• frameworkDirectory: The directory of the framework. When methods refer to "bundled" dependencies, they're talking about dependencies loaded from here. This can be convenient to handle npm link correctly.

project.loadInterfaceFiles(basename: string)

Interface files are files that follow a specific naming convention and are found in well-known locations:

  • {lib,modules}/*/$basename.{js,mjs}
  • For each dependencies $key in package.json, from $key/$basename.
  • Outside of NODE_ENV=production also for each devDependencies key.

This function returns an array with one entry for each interface file:

  • moduleNamespace: The namespace record for the file.
  • defaultExport: Convenience property for moduleNamespace.default.
  • specifier: The specifier the file was loaded from, relative to the app's root directory.
  • group: The directory the file was found in.

Note that .mjs file support requires you to be using a version of node with builtin support for ES Modules. Currently this is Node 10+ with the --experimental-modules flag. Node 10.x seems to experience segfaults under certain conditions, so we recommend 12+.


A set of three scopes, in order of nesting:

  • singleton: Scope for objects that are created once and then reused.
  • request: Scope for objects that are created for each request.
  • action: Scope for ephemeral objects that are created for one aspect of handling a request.


A dependency query is either a string or a DependencyDescriptor object. They are used both when asking for a dependency (ask for) and when providing one (provide). The following kinds of dependency queries are recognized, each assuming that the resulting dependency is called x:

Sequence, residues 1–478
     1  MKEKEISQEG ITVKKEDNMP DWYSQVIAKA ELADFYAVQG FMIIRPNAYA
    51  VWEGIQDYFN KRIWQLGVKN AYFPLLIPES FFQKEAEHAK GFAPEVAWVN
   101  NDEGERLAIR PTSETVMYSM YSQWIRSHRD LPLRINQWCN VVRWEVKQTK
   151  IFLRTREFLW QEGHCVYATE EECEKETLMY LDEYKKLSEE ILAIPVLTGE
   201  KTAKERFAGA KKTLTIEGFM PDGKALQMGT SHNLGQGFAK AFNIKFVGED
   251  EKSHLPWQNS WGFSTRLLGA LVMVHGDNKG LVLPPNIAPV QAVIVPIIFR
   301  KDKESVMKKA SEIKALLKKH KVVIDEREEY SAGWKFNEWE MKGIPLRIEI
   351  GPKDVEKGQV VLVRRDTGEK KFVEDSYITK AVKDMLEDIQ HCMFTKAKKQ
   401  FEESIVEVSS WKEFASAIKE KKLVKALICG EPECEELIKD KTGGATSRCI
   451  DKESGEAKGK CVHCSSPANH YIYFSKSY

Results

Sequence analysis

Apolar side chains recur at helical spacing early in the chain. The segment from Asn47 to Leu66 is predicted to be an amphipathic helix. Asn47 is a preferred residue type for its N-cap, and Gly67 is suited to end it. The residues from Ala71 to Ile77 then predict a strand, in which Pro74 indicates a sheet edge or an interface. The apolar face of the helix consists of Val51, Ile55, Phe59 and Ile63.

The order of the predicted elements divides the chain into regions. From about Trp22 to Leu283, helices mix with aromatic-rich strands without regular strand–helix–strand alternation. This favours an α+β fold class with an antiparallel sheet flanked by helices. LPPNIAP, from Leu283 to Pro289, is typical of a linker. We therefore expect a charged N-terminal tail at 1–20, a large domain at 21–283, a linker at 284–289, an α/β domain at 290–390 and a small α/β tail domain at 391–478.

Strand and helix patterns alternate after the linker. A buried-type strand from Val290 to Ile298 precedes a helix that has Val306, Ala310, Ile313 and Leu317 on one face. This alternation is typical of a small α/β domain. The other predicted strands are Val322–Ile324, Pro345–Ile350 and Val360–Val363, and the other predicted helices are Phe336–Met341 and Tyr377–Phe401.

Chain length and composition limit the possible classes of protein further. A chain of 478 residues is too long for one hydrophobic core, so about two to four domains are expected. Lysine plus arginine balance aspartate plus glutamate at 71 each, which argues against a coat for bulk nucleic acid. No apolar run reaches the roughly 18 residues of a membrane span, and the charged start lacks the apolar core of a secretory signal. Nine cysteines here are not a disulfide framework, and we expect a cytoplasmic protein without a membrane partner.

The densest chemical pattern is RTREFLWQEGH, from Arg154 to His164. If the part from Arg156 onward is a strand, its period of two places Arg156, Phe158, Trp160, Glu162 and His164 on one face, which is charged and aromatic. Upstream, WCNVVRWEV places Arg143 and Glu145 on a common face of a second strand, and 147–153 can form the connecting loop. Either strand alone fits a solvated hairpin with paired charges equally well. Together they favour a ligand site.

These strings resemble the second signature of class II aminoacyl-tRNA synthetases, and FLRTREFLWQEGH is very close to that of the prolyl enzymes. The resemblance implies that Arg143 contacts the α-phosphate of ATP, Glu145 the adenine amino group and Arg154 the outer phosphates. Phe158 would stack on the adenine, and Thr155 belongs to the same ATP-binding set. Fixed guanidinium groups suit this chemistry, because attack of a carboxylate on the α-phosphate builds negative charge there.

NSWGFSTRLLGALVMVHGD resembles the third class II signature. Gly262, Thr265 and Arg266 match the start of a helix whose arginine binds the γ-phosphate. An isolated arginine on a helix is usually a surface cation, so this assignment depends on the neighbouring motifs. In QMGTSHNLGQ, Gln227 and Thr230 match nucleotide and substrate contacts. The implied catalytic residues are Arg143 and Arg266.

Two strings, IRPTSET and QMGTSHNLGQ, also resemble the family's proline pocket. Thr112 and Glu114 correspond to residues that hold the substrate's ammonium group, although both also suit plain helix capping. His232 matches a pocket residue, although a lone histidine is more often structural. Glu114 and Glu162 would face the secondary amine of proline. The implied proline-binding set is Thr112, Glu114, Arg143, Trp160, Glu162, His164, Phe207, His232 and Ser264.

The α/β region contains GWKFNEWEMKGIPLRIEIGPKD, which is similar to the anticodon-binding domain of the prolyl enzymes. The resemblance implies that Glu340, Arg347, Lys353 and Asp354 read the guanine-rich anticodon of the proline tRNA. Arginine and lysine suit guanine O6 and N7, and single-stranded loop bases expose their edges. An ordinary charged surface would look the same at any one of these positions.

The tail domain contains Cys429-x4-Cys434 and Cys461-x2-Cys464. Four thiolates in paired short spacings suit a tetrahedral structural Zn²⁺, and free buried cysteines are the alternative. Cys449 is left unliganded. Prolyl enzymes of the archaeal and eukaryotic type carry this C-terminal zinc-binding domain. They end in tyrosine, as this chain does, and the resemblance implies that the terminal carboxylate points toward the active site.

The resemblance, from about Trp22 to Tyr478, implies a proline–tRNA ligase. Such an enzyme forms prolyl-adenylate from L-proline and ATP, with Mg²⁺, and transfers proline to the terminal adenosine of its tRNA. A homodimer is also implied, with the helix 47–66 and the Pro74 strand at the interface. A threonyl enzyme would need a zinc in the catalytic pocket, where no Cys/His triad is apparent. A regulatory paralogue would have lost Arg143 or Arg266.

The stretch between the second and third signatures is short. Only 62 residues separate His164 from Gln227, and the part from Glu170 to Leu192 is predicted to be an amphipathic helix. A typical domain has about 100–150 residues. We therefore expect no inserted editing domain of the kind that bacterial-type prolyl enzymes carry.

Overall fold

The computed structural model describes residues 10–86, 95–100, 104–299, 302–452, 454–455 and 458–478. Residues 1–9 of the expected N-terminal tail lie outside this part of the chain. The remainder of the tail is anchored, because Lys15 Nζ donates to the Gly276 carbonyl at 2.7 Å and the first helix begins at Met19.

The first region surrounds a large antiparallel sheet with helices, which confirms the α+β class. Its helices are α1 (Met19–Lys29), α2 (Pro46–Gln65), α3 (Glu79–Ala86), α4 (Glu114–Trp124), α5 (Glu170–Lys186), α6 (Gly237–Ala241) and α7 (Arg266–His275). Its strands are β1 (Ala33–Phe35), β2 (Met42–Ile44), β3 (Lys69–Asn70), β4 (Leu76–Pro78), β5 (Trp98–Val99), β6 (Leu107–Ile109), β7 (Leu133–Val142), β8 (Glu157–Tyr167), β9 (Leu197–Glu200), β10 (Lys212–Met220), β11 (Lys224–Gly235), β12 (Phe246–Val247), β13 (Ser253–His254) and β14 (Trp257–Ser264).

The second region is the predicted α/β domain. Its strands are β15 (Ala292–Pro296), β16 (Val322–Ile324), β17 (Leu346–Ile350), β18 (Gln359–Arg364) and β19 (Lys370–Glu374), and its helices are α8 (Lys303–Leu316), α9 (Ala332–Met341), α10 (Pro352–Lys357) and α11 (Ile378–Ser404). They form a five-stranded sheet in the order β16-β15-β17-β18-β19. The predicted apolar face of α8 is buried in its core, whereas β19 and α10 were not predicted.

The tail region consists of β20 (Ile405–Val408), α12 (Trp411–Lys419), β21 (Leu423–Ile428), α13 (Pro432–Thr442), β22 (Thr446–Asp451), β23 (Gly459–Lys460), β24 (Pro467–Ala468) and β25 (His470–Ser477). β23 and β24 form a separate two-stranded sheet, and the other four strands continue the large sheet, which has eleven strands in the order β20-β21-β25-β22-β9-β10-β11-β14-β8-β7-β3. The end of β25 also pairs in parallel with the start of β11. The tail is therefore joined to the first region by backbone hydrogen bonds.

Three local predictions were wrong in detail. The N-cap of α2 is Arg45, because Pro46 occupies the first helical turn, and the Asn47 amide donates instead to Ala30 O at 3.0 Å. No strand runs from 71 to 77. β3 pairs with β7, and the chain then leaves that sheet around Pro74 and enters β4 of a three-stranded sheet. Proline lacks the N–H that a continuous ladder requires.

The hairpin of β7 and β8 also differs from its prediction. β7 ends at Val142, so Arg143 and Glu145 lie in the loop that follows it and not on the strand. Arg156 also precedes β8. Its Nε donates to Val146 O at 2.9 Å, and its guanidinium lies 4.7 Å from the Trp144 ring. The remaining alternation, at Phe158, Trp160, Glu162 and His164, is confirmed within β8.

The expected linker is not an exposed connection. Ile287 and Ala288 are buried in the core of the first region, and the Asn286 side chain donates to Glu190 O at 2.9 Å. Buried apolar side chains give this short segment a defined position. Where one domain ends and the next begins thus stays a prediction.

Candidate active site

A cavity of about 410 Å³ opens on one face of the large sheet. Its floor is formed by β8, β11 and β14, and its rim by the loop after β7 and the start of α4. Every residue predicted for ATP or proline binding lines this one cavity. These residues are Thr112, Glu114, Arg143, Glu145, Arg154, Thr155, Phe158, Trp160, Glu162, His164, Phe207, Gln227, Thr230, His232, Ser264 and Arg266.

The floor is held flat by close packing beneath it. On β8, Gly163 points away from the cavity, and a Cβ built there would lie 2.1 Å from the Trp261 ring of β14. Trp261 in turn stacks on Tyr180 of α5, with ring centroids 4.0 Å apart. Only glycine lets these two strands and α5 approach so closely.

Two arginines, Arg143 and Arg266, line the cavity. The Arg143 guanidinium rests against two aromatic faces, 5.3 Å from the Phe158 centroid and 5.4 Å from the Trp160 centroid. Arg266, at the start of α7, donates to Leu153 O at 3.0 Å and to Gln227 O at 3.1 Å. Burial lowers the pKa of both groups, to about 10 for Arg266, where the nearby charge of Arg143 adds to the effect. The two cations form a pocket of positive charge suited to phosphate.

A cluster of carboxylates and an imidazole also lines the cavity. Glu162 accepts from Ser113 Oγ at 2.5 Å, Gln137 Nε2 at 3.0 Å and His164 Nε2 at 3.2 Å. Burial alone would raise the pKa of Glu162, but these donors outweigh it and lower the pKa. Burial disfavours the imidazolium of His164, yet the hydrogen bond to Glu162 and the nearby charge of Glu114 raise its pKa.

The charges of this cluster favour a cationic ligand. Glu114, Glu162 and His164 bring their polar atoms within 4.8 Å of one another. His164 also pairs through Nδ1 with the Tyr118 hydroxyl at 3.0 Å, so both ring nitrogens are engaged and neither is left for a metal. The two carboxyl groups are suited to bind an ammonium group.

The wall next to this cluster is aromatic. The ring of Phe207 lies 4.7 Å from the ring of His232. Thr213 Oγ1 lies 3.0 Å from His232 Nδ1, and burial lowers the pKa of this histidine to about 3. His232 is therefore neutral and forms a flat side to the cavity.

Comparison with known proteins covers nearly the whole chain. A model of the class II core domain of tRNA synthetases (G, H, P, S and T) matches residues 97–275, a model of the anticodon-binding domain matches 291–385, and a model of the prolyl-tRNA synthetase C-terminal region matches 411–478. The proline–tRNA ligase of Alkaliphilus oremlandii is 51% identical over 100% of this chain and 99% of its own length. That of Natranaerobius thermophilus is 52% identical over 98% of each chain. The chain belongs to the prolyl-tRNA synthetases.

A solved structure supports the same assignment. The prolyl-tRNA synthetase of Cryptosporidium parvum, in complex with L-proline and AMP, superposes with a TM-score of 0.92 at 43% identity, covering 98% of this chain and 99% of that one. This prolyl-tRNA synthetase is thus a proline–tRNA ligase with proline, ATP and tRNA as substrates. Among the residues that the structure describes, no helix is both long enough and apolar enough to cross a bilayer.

• x: A required dependency (provide or ask for). It is expected to be provided exactly once. Descriptor: { key: 'x' }.
  • x?: An optional dependency (ask for only). If it is provided, it is expected to be provided exactly once. Descriptor: { key: 'x', optional: true }.
  • x[]: Getting all values of a multi-valued dependency (ask for only). It may be provided multiple times and all will be injected as an array. Descriptor: { key: 'x', multiValued: true }.
  • x[y]: A specific element of a multi-valued dependency with a unique index (provide or ask for). When providing a multi-valued dependency, this form has to be used. Descriptor: { key: 'x', multiValued: true, index: 'y' }.


Returns a structured object with information about all registered providers, where they have been registered, and what their dependencies are. This data can be used to provide inspection and other developer tooling.


Creates an Injector for the singleton scope. The injector returned will always be the same instance.

registry.getRequestInjector(request, response)

Creates an Injector for the request scope. Both 'request' and 'response' will be available as dependencies. For the same request, it will return the same injector instance.